Chief Justice Roberts put it this way later, "To the extent the State of the Union has degenerated into a political pep rally, I'm not sure why we are there,"

    And now Barry wants to push his trash filled legislation on America and must do so by pushing it through the very group he publicly embarrassed.
    Oh, lotsa luck, Barry.
    If this President is classless enough to diss the Justices during the SOTU address after the Citizens United ruling...can you imagine what he'll say and how he'll act after they strike his individual mandate down and essentially put an end to the idea of Obamacare?
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    Senior Member Janice's Avatar
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    I still worry. We can fix a POS like 0bama.

    But what about the sheeple that voted him in?

    And most of them would re-elect him ... including a few on this board.

    Very, very troubling indeed.
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    Quote Originally Posted by Janice View Post
    I still worry. We can fix a POS like 0bama.

    But what about the sheeple that voted him in?

    And most of them would re-elect him ... including a few on this board.

    Very, very troubling indeed.
    Not by voting him in directly but there have been some who refuse to vote for Romney so in a sense, that is a vote cast for Obama.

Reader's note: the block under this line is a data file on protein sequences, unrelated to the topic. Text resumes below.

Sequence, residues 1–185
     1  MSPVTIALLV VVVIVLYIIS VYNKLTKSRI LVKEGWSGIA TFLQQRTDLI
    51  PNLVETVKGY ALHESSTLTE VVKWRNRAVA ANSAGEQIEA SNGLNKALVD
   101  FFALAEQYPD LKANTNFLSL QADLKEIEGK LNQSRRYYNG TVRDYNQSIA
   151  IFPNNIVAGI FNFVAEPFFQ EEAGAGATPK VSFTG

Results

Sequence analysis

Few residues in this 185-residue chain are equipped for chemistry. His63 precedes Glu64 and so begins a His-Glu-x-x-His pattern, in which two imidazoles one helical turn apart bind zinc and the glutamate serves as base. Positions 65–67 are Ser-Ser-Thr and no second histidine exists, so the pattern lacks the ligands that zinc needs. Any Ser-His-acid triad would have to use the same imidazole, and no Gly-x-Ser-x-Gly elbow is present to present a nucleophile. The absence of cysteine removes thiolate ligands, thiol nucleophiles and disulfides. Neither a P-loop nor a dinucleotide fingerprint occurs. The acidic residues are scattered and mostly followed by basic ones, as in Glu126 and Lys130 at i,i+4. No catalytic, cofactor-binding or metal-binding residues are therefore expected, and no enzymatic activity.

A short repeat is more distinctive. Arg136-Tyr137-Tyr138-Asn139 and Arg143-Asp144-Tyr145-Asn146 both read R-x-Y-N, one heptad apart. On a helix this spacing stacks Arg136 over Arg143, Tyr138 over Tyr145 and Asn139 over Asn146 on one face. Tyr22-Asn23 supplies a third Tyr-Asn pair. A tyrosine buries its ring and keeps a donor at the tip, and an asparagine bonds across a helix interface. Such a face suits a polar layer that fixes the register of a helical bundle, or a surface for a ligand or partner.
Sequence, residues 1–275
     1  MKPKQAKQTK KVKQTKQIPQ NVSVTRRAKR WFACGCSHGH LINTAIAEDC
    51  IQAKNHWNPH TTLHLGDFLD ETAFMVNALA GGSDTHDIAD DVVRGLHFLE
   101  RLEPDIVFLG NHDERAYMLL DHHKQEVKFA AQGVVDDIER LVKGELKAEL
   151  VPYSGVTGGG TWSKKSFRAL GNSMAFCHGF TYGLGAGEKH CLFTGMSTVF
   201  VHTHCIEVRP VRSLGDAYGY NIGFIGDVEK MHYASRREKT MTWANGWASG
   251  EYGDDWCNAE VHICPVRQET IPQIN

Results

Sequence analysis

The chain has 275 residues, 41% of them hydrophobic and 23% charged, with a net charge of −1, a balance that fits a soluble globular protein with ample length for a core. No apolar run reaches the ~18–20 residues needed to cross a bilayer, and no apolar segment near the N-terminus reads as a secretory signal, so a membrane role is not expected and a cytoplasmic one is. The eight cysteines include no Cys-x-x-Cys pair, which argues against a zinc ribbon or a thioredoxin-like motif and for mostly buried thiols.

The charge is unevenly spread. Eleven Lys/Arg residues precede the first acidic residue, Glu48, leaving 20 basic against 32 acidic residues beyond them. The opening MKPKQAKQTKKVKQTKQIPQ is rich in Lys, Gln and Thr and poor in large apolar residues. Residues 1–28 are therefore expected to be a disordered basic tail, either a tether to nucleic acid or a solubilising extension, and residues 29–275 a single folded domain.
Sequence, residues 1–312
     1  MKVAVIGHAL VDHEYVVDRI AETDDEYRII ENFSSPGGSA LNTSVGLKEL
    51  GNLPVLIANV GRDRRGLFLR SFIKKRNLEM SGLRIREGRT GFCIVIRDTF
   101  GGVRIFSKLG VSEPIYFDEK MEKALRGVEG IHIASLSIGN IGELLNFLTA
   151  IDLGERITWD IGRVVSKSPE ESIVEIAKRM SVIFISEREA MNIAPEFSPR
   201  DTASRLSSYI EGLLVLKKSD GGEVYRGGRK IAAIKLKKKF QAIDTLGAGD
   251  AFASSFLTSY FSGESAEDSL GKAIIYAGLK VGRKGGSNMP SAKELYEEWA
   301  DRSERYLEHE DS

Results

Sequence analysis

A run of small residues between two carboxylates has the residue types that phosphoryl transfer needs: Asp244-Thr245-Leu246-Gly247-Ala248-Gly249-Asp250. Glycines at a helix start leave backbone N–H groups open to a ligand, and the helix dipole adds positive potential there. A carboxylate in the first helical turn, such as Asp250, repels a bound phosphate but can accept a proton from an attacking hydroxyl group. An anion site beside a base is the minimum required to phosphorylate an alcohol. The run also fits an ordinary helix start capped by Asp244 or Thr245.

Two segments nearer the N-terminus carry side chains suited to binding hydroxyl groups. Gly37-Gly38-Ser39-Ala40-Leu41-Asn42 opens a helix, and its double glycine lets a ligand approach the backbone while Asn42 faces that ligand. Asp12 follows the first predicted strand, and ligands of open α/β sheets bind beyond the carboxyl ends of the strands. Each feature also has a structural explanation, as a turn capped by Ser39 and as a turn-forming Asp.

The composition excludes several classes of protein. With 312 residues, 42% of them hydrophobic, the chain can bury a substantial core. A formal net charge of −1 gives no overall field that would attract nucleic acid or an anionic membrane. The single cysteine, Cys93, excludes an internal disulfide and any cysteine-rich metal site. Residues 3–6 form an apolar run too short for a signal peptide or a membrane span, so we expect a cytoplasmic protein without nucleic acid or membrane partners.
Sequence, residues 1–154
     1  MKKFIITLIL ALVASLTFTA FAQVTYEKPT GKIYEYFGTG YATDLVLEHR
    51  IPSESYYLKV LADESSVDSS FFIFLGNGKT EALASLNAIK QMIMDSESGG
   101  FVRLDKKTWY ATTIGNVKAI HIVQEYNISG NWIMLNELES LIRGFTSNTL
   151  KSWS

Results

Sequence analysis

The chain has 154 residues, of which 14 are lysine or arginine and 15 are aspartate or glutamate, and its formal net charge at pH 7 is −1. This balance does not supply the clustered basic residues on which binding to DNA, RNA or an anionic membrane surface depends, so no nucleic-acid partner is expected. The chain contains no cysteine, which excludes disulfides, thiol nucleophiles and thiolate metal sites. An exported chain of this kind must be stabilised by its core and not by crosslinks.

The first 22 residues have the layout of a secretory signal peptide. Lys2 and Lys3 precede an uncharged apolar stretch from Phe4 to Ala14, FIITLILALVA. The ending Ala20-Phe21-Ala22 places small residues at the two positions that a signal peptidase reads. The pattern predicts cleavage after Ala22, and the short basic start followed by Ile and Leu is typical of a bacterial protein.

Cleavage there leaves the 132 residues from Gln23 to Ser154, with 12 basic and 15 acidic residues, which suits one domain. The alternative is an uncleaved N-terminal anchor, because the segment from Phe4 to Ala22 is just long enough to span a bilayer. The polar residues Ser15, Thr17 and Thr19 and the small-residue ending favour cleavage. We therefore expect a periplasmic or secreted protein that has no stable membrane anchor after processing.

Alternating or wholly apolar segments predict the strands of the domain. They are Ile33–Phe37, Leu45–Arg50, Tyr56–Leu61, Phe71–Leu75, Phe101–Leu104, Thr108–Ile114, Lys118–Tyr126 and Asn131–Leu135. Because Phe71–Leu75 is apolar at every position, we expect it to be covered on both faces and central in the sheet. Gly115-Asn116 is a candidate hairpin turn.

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    Pretty good news. It would be grand if we can pull the plug on Obamacare before it even takes a breath.
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  9. #9  
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    Quote Originally Posted by txradioguy View Post
    If this President is classless enough to diss the Justices during the SOTU address after the Citizens United ruling...can you imagine what he'll say and how he'll act after they strike his individual mandate down and essentially put an end to the idea of Obamacare?
    Know what? After considering this and a few comments I have heard on this board, I just got a view of what a non-Obama White House would look like.

    Obama will become the uber-advocate for minorities and those who, like him, are filled with noblesse oblige. His belief that he was born to lead all those inferior to him - and that's everyone - will never go away. He will become Jesse Jackson and Al Sharpton on steroids and the press will simply not be able to get enough of him. He will get at least as much press time as the new sitting President and challenge his successor at every turn.

    Then the worst happens................

    He runs again in 2016

    This is bad.
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  10. #10  
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    Single Payer is inevitable. This is simply part of the process. The Single Payer supporters should be delighted to watch the Republicans do this.